When I began this blog, it was with the intent of recreating Alice Martin Bishop’s life. I have spent a year now combing primary sources but am nothing more than a self-absorbed family historian. I am eager to hear from all fellow AMB researchers on what they have found especially in context to the following questions:
- Abigail Bishop: What happened to Alice’s eldest daughter? The lineage for her half-sister, Damaris Bishop, has long been established. But I can find no records of Abigail reaching adulthood. Who did she live with as a child because it does not appear Richard Bishop kept her in his home after AMB’s execution?
- Forensic Psychiatry: What can we say about the fact that AMB saw her family die as a four year-old girl and then murdered her four-year old daughter? It’s not the actual coincidence of age that matters as much as the psychic wounds of a four year old girl which may have never left her…thoughts?
3. Other Suspects: Because AMB admitted to the crime for which she also claimed to have no recollection, can we not even consider Richard Bishop as the murderer of his stepdaughter? Did someone in Plymouth have a grudge against the Bishops and somehow got into the house? What about Abigail? What about Rachel Ramsden? What about a stranger? I know the historical record provides no other evidence than Alice as the culprit, but I have, on occasion, wondered.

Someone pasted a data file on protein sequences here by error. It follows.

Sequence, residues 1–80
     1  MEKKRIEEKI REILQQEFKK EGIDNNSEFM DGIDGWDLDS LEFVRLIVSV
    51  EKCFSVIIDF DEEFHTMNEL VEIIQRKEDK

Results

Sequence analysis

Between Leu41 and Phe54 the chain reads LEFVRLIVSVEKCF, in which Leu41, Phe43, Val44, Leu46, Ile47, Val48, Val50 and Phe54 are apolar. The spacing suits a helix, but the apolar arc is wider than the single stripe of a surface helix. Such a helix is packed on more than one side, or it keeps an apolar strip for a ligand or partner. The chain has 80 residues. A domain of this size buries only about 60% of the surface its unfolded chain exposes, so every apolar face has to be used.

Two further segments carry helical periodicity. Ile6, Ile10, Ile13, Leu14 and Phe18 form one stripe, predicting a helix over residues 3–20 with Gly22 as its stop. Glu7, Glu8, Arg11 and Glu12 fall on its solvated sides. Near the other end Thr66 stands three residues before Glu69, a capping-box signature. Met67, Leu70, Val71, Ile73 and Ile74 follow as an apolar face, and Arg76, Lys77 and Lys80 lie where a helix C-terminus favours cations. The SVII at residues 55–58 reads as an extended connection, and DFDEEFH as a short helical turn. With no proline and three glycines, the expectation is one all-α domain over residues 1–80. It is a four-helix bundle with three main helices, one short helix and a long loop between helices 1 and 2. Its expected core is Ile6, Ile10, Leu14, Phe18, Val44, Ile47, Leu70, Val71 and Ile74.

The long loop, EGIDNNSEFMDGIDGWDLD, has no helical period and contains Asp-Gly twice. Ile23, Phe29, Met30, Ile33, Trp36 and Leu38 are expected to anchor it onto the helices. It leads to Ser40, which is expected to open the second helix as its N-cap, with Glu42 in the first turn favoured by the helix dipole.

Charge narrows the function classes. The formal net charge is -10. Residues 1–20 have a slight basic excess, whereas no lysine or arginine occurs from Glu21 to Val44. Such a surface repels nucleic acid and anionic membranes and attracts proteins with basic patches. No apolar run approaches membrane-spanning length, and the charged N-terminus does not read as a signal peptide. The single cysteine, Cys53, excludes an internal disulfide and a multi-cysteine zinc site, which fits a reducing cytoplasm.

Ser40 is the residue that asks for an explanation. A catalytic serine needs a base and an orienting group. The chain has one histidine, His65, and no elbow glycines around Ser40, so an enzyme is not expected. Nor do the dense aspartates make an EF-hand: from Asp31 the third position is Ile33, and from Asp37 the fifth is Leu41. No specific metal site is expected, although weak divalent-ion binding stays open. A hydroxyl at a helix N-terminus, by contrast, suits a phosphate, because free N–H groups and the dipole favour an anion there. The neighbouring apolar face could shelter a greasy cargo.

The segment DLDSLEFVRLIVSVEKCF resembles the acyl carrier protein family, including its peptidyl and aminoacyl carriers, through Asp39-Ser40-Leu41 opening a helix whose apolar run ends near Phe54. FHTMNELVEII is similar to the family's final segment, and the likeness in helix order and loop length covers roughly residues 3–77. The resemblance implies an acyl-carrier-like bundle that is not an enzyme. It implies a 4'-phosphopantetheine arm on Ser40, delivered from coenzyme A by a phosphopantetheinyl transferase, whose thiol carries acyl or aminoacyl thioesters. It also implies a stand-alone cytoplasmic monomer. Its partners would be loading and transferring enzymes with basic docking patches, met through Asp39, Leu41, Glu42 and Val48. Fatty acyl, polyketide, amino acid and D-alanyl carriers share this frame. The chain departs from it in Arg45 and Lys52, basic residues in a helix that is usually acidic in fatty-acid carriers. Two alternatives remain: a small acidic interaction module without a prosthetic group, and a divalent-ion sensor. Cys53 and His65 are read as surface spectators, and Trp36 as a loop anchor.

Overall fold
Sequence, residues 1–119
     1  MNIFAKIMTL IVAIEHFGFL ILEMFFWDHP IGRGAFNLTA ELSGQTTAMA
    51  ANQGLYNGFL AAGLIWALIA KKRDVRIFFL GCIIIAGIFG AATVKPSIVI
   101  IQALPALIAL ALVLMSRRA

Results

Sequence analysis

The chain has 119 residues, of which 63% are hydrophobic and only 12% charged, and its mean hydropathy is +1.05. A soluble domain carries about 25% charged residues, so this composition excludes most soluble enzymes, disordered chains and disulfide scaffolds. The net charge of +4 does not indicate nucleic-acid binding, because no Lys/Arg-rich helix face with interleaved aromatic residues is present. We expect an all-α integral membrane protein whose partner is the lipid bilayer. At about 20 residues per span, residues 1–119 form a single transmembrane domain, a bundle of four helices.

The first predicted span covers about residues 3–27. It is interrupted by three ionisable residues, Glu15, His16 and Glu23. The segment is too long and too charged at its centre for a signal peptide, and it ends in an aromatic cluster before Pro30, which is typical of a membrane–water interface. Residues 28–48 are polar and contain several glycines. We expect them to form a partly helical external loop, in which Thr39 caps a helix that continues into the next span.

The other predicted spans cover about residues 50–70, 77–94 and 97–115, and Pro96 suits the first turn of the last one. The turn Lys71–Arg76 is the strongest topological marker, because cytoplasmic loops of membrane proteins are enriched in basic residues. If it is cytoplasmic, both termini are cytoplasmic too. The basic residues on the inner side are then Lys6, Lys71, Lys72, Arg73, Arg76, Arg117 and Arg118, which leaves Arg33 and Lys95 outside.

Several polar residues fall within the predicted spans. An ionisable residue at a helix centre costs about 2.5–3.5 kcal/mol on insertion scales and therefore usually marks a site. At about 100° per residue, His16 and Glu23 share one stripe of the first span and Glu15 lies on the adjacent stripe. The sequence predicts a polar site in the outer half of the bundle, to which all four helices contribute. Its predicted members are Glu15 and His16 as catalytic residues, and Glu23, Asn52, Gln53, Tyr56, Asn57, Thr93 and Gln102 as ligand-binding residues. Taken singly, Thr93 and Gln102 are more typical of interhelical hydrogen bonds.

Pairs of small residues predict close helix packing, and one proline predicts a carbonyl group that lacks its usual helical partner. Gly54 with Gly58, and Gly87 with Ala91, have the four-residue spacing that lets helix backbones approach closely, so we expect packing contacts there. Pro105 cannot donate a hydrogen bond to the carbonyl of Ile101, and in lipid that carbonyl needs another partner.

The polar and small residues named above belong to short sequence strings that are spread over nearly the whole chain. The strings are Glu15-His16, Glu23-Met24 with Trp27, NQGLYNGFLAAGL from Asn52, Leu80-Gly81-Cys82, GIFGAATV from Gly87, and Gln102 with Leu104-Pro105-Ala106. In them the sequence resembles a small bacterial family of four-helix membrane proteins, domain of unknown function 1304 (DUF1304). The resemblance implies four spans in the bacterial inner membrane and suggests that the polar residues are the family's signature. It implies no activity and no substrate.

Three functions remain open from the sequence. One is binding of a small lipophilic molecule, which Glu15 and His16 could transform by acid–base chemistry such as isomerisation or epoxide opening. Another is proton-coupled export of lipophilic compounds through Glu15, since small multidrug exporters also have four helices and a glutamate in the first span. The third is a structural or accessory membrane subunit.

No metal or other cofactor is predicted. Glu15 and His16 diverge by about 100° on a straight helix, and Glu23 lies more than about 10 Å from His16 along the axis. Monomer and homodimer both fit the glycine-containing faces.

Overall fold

4. James Bishop, a 4th child? There is a July 7, 1740 will for a Mary Hudson Bishop, widow of James Bishop who some claim is the 4th child of AMB. Is this true or is this the Bishop family of Salem? The troublesome Waterfield history of the Sutton family claims there are two children of the Bishop-Martin union: Damaris born 1645 and James born ca. 1646. I would love to hear from anyone who can verify this …or disprove it.
5. What would AMB’s trial been like today? “In all states, mothers who kill their children are prosecuted under homicide statutes. …courts continue to evaluate postpartum depression defenses and other mental illnesses under the existing insanity defense. The prevailing insanity defense test applied across United States jurisdictions is extremely narrow and makes proving legal insanity exceptionally difficult for even the most severely postpartum psychotic women” The current insanity defense test is considered “too narrow because if confines [it] to a consideration of whether the individual knew the difference between right or wrong and not other aspects of the mental illness that are equally relevant” (Manchester, 718). I don’t think AMB would have fared well under the M’Naghten standard (current test for insanity) because she seems to have immediate remorse for what she did indicating she knew it was wrong. This is not to say she wasn’t severely mentally ill – it just means it might have not mattered in a 21st c court of law.
I am eager to hear from you! ~ thanks, Erin